Posted // December 26,2007 -
I’m a 20-something female and I’ve had a fair number of partners. My boyfriend of two years has only ever slept with me. Recently, we opened up our relationship because I have a much higher sex drive. It was good—I was happy; the boy wasn’t jealous. And then something happened. Well, I caused something to happen.
My boyfriend now has herpes. Obviously I’ve got it, too, even if I’m not showing any symptoms. We didn’t prepare emotionally for the potential consequences of my actions. So here we are. He’s angry with me for putting him in danger and I feel like getting hit by a bus. We know herpes is not so bad. We also know that these feelings of guilt, anger, and disgust will fade, but how do we get to that point? —Hating Every Revolting Pestilent Execrable Second
You agreed as a couple to open your relationship up, HERPES, which makes him 50 percent responsible for the “danger” he was in. And if you neglected to talk through the potential negative consequences of an open relationship, HERPES, then you failed to do your due diligence—you both failed.
So what do you do now? After giving each other a little time and space, HERPES, you ought to invest a little dough in a sex-positive couples’ counselor. Find someone who can skillfully facilitate a couple of conversations about your relationship. One topic you might want to touch on: You could have picked the virus up from one of the partners you had before you met your current boyfriend.
As for the disease itself, you’re right: It’s not that bad. There are two herpes viruses: type 1 (HSV-1) and type 2 (HSV-2). They’re both relatively easy to catch and they can both infect the mouth area or the genital area. It’s estimated that 80 percent of adults have HSV-1 and 25 percent of adults have HSV-2. And most infected people don’t know they have herpes because they’ve either never had an outbreak or their one-and-only outbreak was so mild they didn’t notice it.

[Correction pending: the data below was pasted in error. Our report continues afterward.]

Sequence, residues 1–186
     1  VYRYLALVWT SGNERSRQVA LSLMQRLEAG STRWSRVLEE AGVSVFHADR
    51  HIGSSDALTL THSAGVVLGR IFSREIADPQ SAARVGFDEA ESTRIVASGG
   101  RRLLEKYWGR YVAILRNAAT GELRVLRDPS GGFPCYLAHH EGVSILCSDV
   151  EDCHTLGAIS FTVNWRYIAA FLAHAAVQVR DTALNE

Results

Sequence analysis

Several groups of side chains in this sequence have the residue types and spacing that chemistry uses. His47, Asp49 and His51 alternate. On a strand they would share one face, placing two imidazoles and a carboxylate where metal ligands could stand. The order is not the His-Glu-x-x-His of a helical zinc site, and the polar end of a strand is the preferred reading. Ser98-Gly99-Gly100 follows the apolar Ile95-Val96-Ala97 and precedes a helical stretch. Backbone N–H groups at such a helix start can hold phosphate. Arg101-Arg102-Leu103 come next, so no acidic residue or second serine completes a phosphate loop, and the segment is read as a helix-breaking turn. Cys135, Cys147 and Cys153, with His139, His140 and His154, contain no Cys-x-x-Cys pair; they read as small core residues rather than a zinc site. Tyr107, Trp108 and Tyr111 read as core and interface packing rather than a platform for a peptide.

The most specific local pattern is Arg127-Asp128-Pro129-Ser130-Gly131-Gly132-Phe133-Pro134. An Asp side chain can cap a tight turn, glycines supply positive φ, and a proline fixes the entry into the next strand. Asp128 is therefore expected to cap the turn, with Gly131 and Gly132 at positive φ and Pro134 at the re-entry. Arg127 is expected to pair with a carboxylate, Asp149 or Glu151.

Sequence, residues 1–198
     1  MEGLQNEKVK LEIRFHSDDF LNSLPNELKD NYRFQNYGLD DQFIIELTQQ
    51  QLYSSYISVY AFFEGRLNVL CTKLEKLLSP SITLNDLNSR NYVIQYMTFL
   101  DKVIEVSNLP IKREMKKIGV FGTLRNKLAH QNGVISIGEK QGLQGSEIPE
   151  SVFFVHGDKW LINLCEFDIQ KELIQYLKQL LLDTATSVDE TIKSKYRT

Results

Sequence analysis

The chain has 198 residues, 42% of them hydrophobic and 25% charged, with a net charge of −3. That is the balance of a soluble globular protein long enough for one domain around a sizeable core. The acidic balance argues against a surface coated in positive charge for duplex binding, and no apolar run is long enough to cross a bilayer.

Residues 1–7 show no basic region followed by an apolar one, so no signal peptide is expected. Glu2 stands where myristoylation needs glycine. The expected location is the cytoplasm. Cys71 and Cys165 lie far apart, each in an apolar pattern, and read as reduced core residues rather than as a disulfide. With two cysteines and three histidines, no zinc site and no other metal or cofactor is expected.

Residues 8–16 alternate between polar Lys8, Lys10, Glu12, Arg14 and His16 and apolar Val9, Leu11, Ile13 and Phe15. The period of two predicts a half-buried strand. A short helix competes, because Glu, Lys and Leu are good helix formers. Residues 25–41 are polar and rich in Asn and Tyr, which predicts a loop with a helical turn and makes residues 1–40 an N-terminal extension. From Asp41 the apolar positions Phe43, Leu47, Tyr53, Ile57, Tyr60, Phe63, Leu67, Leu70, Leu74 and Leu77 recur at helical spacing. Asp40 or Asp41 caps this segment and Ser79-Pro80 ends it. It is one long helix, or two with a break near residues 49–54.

It sucks to have herpes, primarily due to the irrational fears of other people—people who may, for all they know, already have herpes themselves. But it’s not the end of the world, or the end of your sex life, and it doesn’t have to be the end of your relationship.
I’m a bisexual girl. My boyfriend feels that I can “be all things” to him and fulfill him completely, but he can’t do the same for me. I truly feel that, over the long term, I would never be with a girl. I would always long for that masculine/feminine balance. I feel that although girls are lovely and sweet, a girl just wouldn’t make me feel the ways a boy does, and that I need what a boy offers more.
What can I do to make him see that he fulfills me in every way? We have discussed it endlessly, but his worries and insecurities won’t budge. —Sad Girl
Of course he’ll never fulfill you completely, SG, just as you’ll never fulfill him completely. No one person can “be all things” to another person, and pretending otherwise can place a terrible strain on an otherwise serviceable relationship. The most we can hope for is finding someone who comes close enough, SG, someone we can round up to “complete fulfillment” status with a straight face, someone who can do the same for us.
So your boyfriend is either being naive with this “you can be all things to me, I can’t be all things to you” crap or—and this seems more likely—he’s being a fuckstick. Ask yourself this, SG: What does your boyfriend get by extending this conversation endlessly? Here’s what: By pretending to feel insecure, your boyfriend gets a girlfriend who actually feels insecure. He gets a girlfriend who feels like she’s always on probation, a girlfriend who is always at an emotional disadvantage. And then he gets to point to your one flaw—your bisexuality—as an excuse to never wholly commit to you.
You do realize, SG, that your bisexuality is not a flaw—far from it—and that there are tons of boys out there who would be ecfuckingstatic to trade places with your boyfriend. You might wanna let one.
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